On any issue, any leader can be made to change their calculations. It is about acquiring the capability and demonstrating enough resolve to compel Russia and China to consider the costs and risks of assertive action. These countries relentlessly assess relative strengths and know the advanced democracies still enjoy huge advantages, notwithstanding their sneering rhetoric against us. From key technologies and innovations to finance and markets, the power is still with the US and its allies. In East Asia, there is much to do militarily in terms of doctrine, development, and deployment – with not much time to do it. But we are heading in the right direction. We have agency to determine the outcome and it is far from a lost cause.

There is still the need for a permanent change in psychology. It is a fact many non-democracies can be our friends and partners, but our most serious rivals are autocratic. It is important to see Russia and China as they see us. Co-operation is sometimes possible but democracies must accept they are already engaged in a comprehensive material and normative competition. This means always identifying and using leverage, imposing costs and a willingness to absorb harmful measures against us. Deterrence will otherwise fail.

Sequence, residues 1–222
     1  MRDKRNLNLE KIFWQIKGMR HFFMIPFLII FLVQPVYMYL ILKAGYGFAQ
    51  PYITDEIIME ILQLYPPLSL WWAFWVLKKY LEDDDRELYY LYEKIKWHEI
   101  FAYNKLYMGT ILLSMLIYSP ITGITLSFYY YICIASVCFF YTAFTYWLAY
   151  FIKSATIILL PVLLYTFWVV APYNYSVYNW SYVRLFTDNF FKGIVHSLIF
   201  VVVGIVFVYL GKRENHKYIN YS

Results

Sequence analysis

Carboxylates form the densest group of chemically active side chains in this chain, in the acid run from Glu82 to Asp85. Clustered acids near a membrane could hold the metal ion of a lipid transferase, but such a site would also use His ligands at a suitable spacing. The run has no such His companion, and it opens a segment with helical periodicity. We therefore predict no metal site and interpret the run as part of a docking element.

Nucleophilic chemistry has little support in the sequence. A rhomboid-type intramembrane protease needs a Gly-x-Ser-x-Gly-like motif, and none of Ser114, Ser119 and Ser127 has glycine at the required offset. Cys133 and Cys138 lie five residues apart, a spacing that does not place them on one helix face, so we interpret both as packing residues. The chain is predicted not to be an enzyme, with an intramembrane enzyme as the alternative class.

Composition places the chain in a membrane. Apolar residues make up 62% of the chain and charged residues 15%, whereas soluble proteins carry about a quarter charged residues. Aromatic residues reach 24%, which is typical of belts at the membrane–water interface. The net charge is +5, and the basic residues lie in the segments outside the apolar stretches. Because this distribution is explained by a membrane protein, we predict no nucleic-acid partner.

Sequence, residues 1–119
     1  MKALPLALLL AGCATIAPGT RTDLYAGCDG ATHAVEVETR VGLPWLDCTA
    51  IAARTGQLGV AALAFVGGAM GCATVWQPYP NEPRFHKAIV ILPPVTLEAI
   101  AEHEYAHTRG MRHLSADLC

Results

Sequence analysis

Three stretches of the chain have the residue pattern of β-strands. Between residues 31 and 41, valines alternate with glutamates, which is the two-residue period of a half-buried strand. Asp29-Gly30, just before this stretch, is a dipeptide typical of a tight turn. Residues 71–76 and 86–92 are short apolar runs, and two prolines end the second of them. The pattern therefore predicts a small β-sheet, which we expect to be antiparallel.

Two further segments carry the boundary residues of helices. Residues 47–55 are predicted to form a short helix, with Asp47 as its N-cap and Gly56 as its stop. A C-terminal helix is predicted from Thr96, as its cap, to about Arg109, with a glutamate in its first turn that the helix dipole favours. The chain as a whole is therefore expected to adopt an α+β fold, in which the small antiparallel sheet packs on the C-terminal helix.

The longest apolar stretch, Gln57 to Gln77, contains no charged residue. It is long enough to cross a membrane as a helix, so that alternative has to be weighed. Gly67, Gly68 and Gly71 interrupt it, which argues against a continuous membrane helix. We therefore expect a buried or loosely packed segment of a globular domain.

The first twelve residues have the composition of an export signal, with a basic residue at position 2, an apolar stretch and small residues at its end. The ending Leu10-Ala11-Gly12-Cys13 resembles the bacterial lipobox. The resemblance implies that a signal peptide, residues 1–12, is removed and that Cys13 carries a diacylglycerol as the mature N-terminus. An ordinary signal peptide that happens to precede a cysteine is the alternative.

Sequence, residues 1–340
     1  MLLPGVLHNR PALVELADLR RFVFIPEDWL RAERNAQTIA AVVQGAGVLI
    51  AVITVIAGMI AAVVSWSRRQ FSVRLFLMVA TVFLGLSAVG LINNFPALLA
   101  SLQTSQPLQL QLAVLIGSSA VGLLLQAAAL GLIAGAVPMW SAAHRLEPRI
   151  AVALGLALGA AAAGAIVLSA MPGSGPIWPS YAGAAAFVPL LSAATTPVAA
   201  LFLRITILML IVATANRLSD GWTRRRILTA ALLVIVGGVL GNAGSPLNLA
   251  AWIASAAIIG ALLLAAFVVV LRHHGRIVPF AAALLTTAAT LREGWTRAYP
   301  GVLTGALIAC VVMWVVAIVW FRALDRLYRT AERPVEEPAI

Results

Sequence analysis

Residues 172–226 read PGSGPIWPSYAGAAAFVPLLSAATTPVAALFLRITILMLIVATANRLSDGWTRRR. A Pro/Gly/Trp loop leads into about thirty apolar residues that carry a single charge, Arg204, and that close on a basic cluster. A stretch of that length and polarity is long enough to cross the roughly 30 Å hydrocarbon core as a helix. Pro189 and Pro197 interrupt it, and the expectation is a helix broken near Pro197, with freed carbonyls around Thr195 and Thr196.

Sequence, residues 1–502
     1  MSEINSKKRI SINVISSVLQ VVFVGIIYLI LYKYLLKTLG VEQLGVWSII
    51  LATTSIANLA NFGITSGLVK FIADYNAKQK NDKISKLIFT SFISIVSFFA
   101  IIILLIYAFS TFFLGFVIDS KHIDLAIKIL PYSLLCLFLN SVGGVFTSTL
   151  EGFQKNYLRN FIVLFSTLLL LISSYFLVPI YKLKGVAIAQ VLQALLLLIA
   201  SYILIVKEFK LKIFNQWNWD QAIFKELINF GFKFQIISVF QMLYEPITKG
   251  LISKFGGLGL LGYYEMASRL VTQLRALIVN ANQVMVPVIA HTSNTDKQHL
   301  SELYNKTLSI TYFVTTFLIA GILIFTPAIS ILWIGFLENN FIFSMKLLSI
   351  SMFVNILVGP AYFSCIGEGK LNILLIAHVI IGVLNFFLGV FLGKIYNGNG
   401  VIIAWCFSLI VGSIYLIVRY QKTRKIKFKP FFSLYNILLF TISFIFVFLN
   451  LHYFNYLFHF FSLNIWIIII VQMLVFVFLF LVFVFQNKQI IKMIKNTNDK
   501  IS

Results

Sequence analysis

We can end on an optimistic note even if these are difficult and dangerous days and we still have a self-generated crisis of confidence. Democracies tend to focus too much on their flaws and not enough on their strengths while autocracies seek to survive by doing the opposite. Look more carefully beneath the surface and it will become evident our political systems, economies and societies are more resilient and adaptable than Russian or Chinese alternatives.

Adjunct Professor John Lee is a nonresident senior fellow at the US Studies Centre and Hudson Institute in Washington DC. From 2016-18, he was senior adviser to the Australian foreign minister.